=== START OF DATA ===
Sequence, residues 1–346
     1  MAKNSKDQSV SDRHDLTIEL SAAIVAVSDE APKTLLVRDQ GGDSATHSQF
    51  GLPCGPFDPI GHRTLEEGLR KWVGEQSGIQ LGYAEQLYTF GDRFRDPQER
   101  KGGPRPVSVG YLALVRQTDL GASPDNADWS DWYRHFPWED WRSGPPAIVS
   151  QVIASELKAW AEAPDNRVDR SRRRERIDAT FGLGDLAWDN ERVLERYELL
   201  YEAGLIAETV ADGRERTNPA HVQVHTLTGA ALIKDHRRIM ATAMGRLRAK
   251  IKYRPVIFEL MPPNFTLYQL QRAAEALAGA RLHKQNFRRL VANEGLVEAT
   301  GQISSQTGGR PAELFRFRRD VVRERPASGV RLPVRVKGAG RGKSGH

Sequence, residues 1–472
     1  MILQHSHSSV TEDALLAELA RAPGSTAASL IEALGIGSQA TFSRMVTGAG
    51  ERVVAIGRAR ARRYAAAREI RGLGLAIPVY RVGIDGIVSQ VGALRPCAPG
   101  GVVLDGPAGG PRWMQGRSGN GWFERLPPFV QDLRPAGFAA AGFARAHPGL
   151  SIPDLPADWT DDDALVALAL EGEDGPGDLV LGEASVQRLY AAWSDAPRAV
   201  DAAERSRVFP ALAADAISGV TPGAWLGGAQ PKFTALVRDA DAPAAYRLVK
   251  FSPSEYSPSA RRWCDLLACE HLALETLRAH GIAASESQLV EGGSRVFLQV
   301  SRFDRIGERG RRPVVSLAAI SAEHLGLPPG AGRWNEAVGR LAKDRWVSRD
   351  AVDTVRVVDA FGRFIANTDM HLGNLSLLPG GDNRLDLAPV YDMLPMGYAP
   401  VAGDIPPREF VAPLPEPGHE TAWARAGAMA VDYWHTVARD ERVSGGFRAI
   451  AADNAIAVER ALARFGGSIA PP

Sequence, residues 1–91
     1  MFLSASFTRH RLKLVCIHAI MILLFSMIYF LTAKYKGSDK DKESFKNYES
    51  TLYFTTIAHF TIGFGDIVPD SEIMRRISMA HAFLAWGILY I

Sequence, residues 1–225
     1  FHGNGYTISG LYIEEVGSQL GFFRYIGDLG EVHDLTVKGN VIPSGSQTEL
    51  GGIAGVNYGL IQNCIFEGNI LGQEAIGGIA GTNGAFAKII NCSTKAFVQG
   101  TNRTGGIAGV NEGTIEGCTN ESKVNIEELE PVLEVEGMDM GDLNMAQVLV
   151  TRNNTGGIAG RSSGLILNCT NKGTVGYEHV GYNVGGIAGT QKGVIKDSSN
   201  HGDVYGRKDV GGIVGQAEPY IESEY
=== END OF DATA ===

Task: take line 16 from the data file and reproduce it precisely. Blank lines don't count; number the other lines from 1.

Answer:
   301  SRFDRIGERG RRPVVSLAAI SAEHLGLPPG AGRWNEAVGR LAKDRWVSRD